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Figure 6. Cu(II) and Cd(II) complexes of salicylidenebenzylamines.
Figure 6. Cu(II) and Cd(II) complexes of salicylidenebenzylamines.
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3.3.3. Other Antibacterial Schiff Bases

Schiff bases characterized by a 2,4-dichloro-5-fluorophenyl moiety (Figure 7) completely inhibited the growth of S. aureus, E. coli, Pseudomonas aeruginosa, and Klebsiella pneumoniae with MIC values ranging from 6.3 to 12.5 µg/mL, which are comparable to ciprofloxacin [134].
Figure 7. Chemical structure of 2,4-dichloro-5-fluorophenyl Schiff bases.
Figure 7. Chemical structure of 2,4-dichloro-5-fluorophenyl Schiff bases.
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The secondary metabolites of the plant Actinomadura rubra, madurahydroxylactones, have been transformed into the corresponding Schiff bases 80 (Figure 8) [144]. Madurahydroxylactone-derived compounds inhibited in vitro B. subtilis, Micrococcus flavus, Sarcina lutea, and S. aureus giving MIC values varying from 0.2 to 3.1 µg/mL [145].
Figure 8. Madurahydroxy lactones Schiff bases.
Figure 8. Madurahydroxy lactones Schiff bases.
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3.3.4. Antifungal Schiff Bases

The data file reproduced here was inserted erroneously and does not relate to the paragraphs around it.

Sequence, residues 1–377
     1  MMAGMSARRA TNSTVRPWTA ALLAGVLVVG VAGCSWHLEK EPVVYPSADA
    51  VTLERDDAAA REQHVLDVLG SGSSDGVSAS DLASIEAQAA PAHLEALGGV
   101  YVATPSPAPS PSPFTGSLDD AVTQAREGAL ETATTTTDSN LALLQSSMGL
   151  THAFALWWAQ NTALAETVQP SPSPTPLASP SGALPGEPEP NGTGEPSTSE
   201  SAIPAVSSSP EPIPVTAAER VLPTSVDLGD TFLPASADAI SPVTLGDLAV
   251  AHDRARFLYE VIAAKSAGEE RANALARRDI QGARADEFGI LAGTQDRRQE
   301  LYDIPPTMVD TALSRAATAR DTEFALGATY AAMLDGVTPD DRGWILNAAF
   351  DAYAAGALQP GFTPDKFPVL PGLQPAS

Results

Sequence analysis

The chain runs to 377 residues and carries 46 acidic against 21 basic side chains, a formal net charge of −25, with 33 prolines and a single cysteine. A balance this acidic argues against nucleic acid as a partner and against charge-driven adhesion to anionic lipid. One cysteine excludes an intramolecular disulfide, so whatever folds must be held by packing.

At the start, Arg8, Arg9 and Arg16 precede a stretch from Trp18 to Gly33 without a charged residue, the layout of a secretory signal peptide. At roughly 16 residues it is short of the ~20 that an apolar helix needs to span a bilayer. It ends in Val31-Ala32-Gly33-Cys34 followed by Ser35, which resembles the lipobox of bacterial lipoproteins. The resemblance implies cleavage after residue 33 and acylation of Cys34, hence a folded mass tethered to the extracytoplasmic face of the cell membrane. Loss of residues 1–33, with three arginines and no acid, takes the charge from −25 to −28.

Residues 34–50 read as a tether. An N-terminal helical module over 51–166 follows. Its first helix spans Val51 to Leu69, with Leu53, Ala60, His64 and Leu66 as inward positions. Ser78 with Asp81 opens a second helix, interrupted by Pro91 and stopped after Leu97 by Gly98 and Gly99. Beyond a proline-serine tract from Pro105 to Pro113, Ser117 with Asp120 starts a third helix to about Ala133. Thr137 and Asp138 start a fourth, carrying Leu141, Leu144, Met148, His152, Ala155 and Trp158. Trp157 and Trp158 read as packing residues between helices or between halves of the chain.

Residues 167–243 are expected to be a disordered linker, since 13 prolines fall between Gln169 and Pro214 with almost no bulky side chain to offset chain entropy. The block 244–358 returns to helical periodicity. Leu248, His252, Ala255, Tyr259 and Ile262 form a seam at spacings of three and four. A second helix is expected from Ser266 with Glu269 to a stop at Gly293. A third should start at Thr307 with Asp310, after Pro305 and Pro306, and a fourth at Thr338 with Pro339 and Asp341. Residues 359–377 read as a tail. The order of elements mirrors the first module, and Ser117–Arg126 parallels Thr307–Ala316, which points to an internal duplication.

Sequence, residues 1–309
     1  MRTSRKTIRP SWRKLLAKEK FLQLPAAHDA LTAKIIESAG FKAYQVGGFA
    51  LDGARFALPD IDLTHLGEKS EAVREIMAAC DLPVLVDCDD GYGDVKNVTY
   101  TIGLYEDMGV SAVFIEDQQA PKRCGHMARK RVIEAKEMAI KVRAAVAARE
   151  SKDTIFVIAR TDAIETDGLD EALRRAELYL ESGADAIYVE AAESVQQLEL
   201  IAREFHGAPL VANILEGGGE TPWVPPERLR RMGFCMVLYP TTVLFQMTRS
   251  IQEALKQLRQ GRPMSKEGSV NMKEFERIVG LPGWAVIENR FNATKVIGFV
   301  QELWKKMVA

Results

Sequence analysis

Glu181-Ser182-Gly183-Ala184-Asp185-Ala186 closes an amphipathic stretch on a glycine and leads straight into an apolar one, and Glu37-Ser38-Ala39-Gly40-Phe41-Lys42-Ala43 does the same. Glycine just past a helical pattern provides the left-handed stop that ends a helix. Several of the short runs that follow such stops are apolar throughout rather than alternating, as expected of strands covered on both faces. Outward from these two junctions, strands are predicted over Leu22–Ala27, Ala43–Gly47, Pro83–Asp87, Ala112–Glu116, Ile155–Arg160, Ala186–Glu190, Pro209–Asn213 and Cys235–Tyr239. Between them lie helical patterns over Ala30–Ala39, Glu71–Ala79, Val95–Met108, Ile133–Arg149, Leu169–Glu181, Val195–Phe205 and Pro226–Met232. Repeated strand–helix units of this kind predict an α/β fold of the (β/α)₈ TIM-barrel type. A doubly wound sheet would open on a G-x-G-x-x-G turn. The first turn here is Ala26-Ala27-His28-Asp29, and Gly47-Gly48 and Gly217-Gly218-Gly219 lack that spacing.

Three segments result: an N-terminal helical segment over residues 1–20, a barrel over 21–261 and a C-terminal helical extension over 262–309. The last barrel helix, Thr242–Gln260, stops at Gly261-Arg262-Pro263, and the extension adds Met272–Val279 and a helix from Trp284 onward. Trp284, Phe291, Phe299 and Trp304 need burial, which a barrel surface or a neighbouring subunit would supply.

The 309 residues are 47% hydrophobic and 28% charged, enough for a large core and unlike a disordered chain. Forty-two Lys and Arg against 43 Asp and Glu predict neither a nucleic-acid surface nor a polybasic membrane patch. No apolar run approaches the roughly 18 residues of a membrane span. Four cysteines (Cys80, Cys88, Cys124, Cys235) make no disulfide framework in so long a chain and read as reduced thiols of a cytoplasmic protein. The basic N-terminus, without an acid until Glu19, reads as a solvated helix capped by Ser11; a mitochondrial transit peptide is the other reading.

Schiff bases of chitosan 69 and 70 (See Figure 4) have shown antifungal activity against Botrytis cinerea and Colletotrichum lagenarium [140]. Imine derivatives having a 2,4-dichloro-5-fluorophenyl moiety (see Figure 7) and the Schiff bases 82, reported in Figure 9, inhibited the growth of fungal clinical isolates, such as Aspergillus fumigatus, Aspergillus flavus, Penicillium marneffei, Trichophyton mentagrophytes. The compounds showed MIC values in the range of 6.3–12.5 µg/mL, which is comparable to that of fluconazole [134]. The isatin-derived Schiff bases 8386 (Figure 10) showed an interesting activity against Microsporum audouinii (MIC range 2.4–9.7 µg/mL) and Microsporum gypseum (MIC range 1.2–9.7 µg/mL) [43].
Figure 9. Antifungal Schiff bases derived from 2,4-dichloro-5-fluorophenyl scaffold.
Figure 9. Antifungal Schiff bases derived from 2,4-dichloro-5-fluorophenyl scaffold.
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The compounds reported inhibited also Candida albicans, Aspergillus niger, Cryptococcus neoformans, T. mentagrophytes, E. floccosum, and Histoplasma capsulatum (MIC range 10–79 µg/mL [146].